Taking more than one bite of the cherry as the season reaches its height, our regular vegetarian specialist, chef and author Celia Brooks, suggests a number of reasons why juice stained fingers are a good look
Words: Celia Brooks
Hurrah, it’s British cherry time! Cherries have thrived here since the Romans introduced them, but as a crop, they have seen a sad demise in recent years. Cheaper, more abundant imports from Europe and the USA have eclipsed our homegrown fruits.
Happily, they are making a bit of a comeback: dwarf rootstocks in polytunnels have replaced less manageable giant trees, making the fruit less vulnerable to the elements and easier to harvest.
Cherries from abroad are picked unripe to sustain their long journey to market, but British cherries, grown mainly in southern England, are picked at the height of flavour, brimming with natural sugar, and buxom with that sun-ripened juice that bursts out between the teeth; and they are all over Borough Market fruit stalls right now, for just a few short weeks.
When you buy them they’re already fully ripe, so they won’t last long. Cherries are one of the few fruits I will munch straight out of the bag after purchasing, without washing or picking through. Once I’ve had one, I simply cannot stop. If I’m restrained enough to get them home, I will rinse gently and chill, then polish off from a bowl later that day—they are especially divine when cold.
If I happen to tire of gorging on them in their lone stardom, there is a plethora of possibilities for using them creatively in the kitchen.
Cherries and chocolate
The black forest gateau may be considered a retro dessert, but there is no doubt that cherries, chocolate and cream are an eternally winning triumvirate. Top chocolate mousse with fresh cherries and whipped cream, or dip cold cherries on the stem in melted dark chocolate and chill on baking parchment for a wicked after-dinner mouthful.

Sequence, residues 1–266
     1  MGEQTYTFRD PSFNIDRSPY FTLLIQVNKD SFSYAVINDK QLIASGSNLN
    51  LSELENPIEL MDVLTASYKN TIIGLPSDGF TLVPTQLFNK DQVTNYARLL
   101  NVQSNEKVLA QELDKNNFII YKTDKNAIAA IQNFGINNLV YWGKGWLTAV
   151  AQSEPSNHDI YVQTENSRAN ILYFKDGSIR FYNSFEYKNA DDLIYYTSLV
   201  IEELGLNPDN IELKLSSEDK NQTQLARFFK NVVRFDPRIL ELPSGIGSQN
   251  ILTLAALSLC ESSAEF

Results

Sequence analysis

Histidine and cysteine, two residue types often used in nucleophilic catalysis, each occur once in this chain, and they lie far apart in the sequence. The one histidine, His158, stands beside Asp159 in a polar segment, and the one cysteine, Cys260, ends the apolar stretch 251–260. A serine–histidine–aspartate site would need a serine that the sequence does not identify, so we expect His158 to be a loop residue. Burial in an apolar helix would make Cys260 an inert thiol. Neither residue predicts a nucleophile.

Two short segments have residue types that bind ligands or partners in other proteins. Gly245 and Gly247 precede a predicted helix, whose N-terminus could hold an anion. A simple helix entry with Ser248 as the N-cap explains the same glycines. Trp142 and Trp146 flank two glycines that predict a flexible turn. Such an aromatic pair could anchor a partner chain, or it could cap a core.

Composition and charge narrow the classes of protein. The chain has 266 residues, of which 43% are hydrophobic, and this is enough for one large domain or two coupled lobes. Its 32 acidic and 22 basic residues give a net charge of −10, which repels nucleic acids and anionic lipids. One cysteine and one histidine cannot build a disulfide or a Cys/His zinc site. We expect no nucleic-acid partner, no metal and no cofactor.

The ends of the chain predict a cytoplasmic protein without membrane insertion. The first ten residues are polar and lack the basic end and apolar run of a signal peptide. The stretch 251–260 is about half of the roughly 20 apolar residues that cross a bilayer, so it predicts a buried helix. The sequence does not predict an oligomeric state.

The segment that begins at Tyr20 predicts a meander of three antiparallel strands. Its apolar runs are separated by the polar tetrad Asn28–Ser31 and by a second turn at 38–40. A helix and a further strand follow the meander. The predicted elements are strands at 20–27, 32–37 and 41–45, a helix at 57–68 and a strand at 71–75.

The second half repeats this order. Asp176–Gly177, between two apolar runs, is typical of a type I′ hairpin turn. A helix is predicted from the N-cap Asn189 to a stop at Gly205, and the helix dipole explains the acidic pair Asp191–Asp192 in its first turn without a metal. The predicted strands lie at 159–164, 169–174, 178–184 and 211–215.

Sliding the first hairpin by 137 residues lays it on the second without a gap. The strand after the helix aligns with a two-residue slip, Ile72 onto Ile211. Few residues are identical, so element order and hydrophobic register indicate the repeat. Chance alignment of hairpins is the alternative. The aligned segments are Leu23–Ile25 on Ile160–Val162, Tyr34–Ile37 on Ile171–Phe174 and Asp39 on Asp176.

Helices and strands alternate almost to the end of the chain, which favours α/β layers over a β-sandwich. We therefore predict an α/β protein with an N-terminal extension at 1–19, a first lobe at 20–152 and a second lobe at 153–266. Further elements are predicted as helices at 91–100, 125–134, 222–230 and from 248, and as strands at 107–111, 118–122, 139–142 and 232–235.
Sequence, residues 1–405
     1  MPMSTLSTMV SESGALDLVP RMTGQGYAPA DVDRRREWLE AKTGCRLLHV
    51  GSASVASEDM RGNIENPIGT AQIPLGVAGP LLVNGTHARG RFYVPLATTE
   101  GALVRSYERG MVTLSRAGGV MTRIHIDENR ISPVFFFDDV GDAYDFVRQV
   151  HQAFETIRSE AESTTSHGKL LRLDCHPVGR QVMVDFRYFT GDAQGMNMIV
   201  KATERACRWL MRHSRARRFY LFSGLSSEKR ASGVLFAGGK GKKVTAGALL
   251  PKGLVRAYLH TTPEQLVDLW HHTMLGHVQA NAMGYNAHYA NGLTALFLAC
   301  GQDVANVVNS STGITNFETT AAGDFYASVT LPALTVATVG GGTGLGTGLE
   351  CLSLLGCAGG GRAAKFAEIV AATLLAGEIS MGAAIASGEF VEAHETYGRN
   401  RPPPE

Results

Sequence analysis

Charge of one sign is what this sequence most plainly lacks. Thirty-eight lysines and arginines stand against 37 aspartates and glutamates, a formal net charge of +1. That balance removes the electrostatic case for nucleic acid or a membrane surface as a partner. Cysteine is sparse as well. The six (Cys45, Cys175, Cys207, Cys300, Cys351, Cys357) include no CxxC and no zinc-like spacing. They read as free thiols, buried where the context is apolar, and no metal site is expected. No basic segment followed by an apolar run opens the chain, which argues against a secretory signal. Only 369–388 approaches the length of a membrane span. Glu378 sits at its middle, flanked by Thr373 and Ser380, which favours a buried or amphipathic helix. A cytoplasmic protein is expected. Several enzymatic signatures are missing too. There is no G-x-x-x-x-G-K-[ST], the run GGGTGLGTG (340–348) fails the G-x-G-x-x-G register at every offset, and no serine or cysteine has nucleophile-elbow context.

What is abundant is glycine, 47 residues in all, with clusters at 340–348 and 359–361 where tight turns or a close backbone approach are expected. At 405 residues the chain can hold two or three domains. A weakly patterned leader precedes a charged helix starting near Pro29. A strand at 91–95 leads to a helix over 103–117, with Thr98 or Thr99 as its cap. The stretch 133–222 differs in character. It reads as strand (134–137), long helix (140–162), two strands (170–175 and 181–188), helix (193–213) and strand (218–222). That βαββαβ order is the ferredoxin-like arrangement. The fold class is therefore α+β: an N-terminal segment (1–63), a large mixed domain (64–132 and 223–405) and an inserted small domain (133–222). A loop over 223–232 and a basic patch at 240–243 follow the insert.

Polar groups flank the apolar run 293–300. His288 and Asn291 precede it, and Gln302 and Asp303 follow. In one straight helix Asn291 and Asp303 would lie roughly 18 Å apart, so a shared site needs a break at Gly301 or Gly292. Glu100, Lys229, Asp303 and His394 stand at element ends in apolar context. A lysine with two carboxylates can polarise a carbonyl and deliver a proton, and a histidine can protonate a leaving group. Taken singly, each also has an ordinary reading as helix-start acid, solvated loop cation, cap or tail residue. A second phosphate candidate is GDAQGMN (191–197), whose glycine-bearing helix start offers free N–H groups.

Cherries and nuts
Frangipane, a sweet almond paste, works beautifully with fresh cherries in a tart—a cherry bakewell with knobs on. Cherry strudel is made by combining fresh cherries with almonds, hazelnuts, or pine nuts, or all three, engulfed in sugar, butter and breadcrumbs and wrapped in pastry—to die for.
Cherries and booze
Slit some cherries and macerate them in rum, brandy or vodka for a few weeks in a dark place, then serve the chilled liqueur neat over ice, or make a long cocktail with sparkling spring water and fresh mint. Eat the boozy cherries with chocolate ice cream or crème fraiche and a sprinkle of cinnamon.
Cherries and cheese
Most fruits work well with cheese, and sweet and tangy cherries are no exception. Cherry cheesecake is a no-brainer. For something more on the savoury side, cherries with fresh, mild goat’s cheese is remarkable. Cherries and chunks of Stilton are surprisingly happy partners in a salad.
Cherries and meat
Traditional English port-spiked cherry sauce can be served with ham, pork chops or game birds. A French version is creamy and buttery and served with sweetbreads and brains. Nigel Slater cooks cherries with vinegar and spices for a short time and serves them “pickled” with mackerel. Martha Stewart makes them into a jalapeno-spiked salsa to serve with tilapia.